1. Tapas – The Sanskrit word meaning fire, discipline and action. It refers to one’s attitude of pursuing goals, making things happen, striving for improvement and progress. Any Yogi or Yogini would know it is impossible to progress on your practice without hard work and effort. For example, if you wish to master a specific advanced asana like Hanumansana (split), you need to set aside time to stretch the hamstrings, loosen the hips and strengthen the lower back.
2. Svadhyaya – ‘Sva’ means self, ‘dhyaya’ means study. This is the Sanskrit word for self study. So many commercial Yoga studios never even touch the importance of observing oneself’s conduct in their classes. This is in fact, one of the precepts under Niyama – which is one of the Eight Limbs of Yoga.
Svadhyaya means to always study and introspect ourself. During an Asana, where it is painful, emotion shows up – watch to see if the pain or tension is moving or easing off in any particular angle? Keep observing and breathing into the pain, and become aware to the relief, and how different it felt when you last did the same Asana.
Outside of Asana, it also means to maintain awareness of ourself, our thoughts, words and actions, our impact on others. And then scrutinise them closely. Did we say something uncalled for today? Is there any area which we could have demonstrated more balance in our actions? These are all necessary in daily action including those times when we are not in a Yoga class.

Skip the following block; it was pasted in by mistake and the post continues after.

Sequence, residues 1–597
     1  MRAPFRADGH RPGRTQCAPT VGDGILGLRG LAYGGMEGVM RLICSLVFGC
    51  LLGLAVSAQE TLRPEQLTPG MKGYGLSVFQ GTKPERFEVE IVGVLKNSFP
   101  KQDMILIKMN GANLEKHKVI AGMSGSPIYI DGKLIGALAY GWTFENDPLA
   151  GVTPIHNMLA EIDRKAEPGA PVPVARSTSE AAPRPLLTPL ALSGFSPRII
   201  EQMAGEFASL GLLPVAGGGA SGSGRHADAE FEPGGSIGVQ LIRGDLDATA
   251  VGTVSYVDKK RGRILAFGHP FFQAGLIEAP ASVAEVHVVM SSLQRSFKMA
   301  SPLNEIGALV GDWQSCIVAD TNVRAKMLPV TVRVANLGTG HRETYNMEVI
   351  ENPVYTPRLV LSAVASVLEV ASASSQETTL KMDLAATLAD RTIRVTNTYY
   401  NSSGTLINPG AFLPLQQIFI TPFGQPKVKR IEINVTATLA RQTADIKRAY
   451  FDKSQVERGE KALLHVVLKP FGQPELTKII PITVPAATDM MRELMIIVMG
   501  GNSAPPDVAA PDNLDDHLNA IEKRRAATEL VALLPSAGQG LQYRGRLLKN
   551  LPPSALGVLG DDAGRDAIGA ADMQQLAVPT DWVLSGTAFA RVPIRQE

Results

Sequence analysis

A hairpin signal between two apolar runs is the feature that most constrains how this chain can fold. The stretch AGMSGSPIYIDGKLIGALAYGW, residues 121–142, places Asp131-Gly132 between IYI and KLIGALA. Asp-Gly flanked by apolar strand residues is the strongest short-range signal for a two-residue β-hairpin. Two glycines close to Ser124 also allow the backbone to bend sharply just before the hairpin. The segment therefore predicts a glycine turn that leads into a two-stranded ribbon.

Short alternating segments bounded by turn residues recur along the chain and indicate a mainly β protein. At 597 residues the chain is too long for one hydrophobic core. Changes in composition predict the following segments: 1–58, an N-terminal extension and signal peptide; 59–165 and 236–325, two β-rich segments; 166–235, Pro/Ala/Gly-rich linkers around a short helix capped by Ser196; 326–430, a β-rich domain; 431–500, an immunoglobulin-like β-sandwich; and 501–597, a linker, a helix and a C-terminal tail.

3. Ishvara Pranidhana – This means to surrender to a higher Divine, or God. Besides the first 2 points highlighted, this is equally important in ensuring progress. Tapas MUST be balanced with Ishvara Pranidhana, and Svadhyaya is more effective when it is done in dialogue with God. Humans are imperfect, that’s the beauty because we can strive towards perfection and make that our practice.
Ishvara Pranidhana includes the process of detaching from the outcomes. It does not mean we should adopt a sloppy careless attitude. We must still practice Tapas to move towards our goals and purposes, but after we done our best, then its time to let go and let God.
Ishvara Pranidhana is even more necessary for Yoga/Meditation and spiritual teachers. There is a higher power behind our existence and awareness, and the burden of the world does not fall on your shoulders.
(C) Linda Loo